I'm pretty sure I've never seen this stuff before. It's installed in rafters as batts, held in place by cardboard sheets below. Papery consistency, now crumbling. The house is ~1923, but no idea when this was installed.

Anyone know what it might be? Thanks for any help here.

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Cellulose?  Where is this house, humid area?

Never saw this, but looks a little like air-cell pipe insulation. This is considered Presumed Asbestos Containing Material.  You should have it tested by an accredited Asbestos Inspector before doing anything to disturb it. 

looks like old rock wool batts

It looks like some insulation I encountered on some ducting installed in the 1960s. I had it tested for asbestos and the results came back as just being all cellulose.

It appears to be mineral wool, but it could also be an old Balsam Wool (wood-fiber) batt. Neither would contain asbestos.

All I can say is that if it isn't known and has the appearance of something that could contain asbestos (i.e., not clearly fiberglass or mineral wool, etc), OSHA requires that it be PRESUMED to contain asbestos and treated as such until negated by testing.  So if unsure, testing is required if its going to be disturbed.

Expanding on the "humid area" question - do you think the material has gone through numerous wet/dry cycles?  Looks like it's turned to dried oatmeal in the pictures

Many thanks to all for suggestions here.

Over at InspectionNews someone else offered the name "Balsam Wool" — and with a little further digging online, that led me to what I now think is the actual answer, an old Kimberly-Clark product called "Kimsul".

Pennsylvania inspector Bill Kibbel, here, describes Kimsul as "layered creped paper," which fits my first impression of the stuff. The photo doesn't convey this very well. And as Ted Kidd says, it's pretty deteriorated at this point.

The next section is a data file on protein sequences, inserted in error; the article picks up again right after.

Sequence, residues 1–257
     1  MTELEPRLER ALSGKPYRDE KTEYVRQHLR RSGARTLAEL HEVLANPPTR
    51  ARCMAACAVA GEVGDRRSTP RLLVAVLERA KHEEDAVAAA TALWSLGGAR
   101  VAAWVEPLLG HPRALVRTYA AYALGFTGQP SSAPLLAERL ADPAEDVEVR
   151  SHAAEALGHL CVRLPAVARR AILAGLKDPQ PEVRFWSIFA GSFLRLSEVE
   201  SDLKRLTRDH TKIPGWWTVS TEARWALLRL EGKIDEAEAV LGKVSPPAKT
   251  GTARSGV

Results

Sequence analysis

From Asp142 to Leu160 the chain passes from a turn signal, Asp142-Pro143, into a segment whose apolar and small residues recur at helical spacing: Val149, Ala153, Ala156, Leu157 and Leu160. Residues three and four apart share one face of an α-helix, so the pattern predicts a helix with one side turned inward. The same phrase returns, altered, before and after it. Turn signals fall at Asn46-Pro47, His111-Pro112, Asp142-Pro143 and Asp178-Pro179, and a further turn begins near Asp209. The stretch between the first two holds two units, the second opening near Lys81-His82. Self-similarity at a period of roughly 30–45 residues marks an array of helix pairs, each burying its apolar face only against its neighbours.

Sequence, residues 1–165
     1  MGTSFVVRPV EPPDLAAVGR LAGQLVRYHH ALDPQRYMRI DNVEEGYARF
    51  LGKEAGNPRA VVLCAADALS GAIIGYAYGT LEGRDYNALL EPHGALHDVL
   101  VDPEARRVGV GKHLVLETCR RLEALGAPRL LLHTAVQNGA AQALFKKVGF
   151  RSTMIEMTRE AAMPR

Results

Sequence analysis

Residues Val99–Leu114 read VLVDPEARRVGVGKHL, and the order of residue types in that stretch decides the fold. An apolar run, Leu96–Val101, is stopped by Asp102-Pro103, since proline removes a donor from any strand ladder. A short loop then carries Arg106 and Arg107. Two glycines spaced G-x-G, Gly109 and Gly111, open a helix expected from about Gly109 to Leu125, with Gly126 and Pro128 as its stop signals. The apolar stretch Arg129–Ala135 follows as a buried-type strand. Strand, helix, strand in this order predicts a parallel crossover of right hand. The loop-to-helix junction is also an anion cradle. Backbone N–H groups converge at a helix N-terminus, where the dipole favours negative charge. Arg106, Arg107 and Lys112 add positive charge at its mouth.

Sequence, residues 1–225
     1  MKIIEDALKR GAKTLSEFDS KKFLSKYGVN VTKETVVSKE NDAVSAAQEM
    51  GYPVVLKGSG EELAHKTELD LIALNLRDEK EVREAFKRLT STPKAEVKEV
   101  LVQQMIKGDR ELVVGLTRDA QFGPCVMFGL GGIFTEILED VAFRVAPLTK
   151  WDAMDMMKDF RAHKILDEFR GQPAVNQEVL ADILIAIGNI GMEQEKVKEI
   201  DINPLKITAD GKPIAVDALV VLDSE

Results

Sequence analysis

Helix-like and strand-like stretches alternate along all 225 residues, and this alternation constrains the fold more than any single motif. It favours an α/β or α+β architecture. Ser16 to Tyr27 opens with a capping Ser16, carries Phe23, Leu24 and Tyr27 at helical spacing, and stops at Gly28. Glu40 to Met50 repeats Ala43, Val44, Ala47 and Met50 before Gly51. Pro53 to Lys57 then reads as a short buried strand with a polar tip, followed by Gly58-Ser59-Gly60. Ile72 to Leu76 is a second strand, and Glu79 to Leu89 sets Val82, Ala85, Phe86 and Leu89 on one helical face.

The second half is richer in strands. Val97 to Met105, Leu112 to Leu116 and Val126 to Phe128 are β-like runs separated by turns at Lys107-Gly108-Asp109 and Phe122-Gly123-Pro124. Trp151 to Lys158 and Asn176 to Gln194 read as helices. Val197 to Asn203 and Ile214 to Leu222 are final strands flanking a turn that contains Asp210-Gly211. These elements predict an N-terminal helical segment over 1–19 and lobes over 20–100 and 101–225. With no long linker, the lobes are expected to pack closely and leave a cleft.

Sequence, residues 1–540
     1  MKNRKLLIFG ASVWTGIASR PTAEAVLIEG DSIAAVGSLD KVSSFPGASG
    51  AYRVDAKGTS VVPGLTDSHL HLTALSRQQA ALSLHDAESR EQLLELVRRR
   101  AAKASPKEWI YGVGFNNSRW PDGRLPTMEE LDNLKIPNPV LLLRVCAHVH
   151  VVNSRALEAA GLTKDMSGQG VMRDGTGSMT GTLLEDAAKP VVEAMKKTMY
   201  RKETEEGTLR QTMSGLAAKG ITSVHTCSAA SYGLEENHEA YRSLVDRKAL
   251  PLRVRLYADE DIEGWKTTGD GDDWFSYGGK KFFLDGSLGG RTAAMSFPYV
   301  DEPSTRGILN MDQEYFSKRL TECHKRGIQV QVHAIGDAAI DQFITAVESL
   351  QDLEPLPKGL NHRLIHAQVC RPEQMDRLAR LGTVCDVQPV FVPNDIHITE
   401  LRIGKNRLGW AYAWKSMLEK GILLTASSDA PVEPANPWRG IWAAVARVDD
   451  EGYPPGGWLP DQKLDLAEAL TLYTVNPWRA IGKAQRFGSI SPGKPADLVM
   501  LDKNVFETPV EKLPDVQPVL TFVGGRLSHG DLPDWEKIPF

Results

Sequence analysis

Kibbel seems certain that Kimsul was manufactured asbestos-free. NY inspector Debra Monte, on the other hand, here seems equally sure of the contrary. So at this point I'm expecting to have to get it tested. — I canned the BD test on my visit date, incidentally, because of this stuff.

I just joined this group, but knew the product immediately from the picture.  Kimsul was installed in all over the City of Richland in the early 1940's.  Richland was a government town built to house workers who were working on the Manhattan project. Were generaly give it an R1 per inch for attics, but in walls it crumbles over time.  I'm very interested in the asbestos testing.  We were told that it didn't have asbestos, I would love to know if you confirmed that.

looks like old rock wool batts

We had a sample of the insulation lab-tested, and the result was a negative without qualification — no asbestos found. This is only one case, of course. For all I know, some of the product was made with asbestos and some wasn't. But it would seem that it's wrong to say definitively that Kimsul has asbestos in it.

Still wise to wear a dust mask in any attic and around insulation generally, of course.

At least you know now.  So many materials contain asbestos its probably more difficult to say it doesn't than it does.  Good luck.

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